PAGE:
Changes in Cognitive Function Associated with Sleep Disordered Breathing in Older People
Article first published online: 25 FEB 2005
Journal of the American Geriatrics Society
Volume 49, Issue 12, pages 1622–1627, December 2001
How to Cite
Cohen-Zion, M., Stepnowsky, C., Marler, Shochat, T., Kripke, D. F. and Ancoli-Israel, S. (2001), Changes in Cognitive Function Associated with Sleep Disordered Breathing in Older People. Journal of the American Geriatrics Society, 49: 1622–1627. doi: 10.1111/j.1532-5415.2001.49270.x
- Issue published online: 25 FEB 2005
- Article first published online: 25 FEB 2005
- sleep disordered breathing;
- cognitive deficits;
- daytime sleepiness
OBJECTIVES: Sleep disordered breathing (SDB) is very common in older people and is known to be associated with complaints of impaired daily functioning, including excessive daytime sleepiness and cognitive impairments. As part of a larger study on SDB and aging, it became possible to examine the relationship between SDB and cognition in older men and women.
DESIGN: A population-based longitudinal study.
SETTING: In-home interviews and home sleep recordings in the greater San Diego area.
PARTICIPANTS: Community-dwelling people age 65 and older with high risk for SDB were originally studied from 1981 through 1985 and then followed every 2 years. Data from the 46 subjects who completed Visit 3 and Visit 4 are presented.
MEASUREMENTS: Subjects were interviewed in the home about their sleep and medical condition before each visit. Cognitive function was assessed using the Mini-Mental State Examination (MMSE). Daytime sleepiness was based on self-report. Objective sleep was recorded in the home and scored for sleep, apneas and hypopneas, and oximetry variables.
RESULTS: Increases in respiratory disturbance index (RDI) (P = .036) and increases in daytime sleepiness (P = .002) were associated with decreases in cognitive performance (i.e., increases in cognitive impairment). Increases in RDI were also associated with increases in daytime sleepiness (P = .012). Change in MMSE scores was therefore regressed onto changes in RDI, daytime sleepiness, age, and education, resulting in decreases in MMSE scores being associated with increases in daytime sleepiness (P = .019) but not with changes in RDI (P = .515). There was no significant relationship between changes in oxygen saturation levels and changes in MMSE.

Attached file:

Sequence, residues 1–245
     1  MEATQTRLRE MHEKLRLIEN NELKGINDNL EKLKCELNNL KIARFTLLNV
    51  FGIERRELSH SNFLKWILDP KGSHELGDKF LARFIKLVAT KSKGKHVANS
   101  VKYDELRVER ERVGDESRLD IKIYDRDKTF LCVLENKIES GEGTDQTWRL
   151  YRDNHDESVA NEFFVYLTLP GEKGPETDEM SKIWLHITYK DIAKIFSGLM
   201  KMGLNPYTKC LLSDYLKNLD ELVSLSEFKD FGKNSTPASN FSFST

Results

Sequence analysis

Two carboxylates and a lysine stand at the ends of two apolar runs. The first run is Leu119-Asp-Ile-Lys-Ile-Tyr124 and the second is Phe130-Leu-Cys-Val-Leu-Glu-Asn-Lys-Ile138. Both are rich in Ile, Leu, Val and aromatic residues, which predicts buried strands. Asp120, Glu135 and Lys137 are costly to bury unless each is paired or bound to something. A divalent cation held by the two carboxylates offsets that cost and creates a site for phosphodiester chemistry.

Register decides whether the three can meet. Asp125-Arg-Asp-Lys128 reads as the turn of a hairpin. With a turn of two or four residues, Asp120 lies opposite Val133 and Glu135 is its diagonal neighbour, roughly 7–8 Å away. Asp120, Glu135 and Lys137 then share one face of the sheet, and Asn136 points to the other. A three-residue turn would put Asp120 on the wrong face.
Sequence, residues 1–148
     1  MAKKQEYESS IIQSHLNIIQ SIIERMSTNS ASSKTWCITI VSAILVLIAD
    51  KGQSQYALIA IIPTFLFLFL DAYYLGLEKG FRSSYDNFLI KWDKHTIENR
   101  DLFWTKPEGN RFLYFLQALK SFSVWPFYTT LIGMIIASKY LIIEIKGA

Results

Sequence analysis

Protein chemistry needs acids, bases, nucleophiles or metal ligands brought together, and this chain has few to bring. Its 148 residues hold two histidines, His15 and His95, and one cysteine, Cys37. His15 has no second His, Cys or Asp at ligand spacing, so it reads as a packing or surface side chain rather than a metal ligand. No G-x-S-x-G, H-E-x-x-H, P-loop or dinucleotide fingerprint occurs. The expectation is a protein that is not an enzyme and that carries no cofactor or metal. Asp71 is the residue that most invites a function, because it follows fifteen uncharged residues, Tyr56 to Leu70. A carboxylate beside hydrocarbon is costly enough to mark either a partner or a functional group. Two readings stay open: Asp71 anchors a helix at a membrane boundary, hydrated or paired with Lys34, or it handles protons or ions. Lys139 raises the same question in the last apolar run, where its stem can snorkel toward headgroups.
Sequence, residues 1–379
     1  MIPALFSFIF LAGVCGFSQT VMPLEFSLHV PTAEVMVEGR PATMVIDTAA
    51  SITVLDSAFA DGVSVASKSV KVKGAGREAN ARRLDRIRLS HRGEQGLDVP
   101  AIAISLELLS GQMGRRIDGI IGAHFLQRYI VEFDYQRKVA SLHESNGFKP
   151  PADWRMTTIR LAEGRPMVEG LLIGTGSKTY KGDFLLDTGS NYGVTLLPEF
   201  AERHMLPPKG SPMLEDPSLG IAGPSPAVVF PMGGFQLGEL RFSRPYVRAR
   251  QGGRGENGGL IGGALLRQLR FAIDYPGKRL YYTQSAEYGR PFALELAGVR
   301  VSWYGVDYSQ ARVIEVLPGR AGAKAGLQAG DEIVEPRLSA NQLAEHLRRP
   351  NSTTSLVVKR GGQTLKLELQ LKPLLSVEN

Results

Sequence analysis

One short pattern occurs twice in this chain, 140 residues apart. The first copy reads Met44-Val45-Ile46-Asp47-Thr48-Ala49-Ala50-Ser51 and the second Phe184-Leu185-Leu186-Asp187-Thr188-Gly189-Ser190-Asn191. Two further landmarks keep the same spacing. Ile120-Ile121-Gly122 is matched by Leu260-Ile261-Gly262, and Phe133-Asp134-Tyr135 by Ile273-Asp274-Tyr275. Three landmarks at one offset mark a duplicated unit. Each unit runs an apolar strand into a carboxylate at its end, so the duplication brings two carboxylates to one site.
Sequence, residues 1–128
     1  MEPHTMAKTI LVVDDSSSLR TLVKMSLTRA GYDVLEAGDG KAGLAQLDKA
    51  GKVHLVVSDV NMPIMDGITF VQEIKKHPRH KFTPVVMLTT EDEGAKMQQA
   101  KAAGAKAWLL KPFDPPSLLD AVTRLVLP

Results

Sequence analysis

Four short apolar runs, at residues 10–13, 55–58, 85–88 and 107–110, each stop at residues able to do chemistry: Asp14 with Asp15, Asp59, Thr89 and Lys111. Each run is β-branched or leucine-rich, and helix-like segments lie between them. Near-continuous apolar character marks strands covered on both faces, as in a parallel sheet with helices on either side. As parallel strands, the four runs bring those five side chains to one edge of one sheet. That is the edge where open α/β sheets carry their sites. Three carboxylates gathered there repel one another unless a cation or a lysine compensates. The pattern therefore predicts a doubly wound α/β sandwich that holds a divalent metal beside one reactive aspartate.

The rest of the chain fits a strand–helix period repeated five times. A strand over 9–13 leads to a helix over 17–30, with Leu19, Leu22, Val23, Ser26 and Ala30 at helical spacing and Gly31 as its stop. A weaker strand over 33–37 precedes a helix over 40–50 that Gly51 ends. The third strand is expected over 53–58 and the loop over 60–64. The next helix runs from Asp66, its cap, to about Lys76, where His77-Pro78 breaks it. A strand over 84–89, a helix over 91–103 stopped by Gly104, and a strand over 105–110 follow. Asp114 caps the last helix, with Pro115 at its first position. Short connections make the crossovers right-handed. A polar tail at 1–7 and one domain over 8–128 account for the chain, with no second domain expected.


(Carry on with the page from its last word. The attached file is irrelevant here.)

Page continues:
CONCLUSIONS: The results of this study suggest that declining cognitive function is associated primarily with increases in daytime sleepiness. Although cognitive decline was also associated with increases in RDI, this association did not hold in the more inclusive model which also included variable of SDB, oximetry, sleep and subjective report. One theoretical model could suggest that any relationship between SDB and cognitive function may be mediated by the effect of SDB on daytime sleepiness. These results suggest that older patients suffering from mild to moderate SDB may benefit from the treatment of SDB, even if they are not markedly hypoxemic.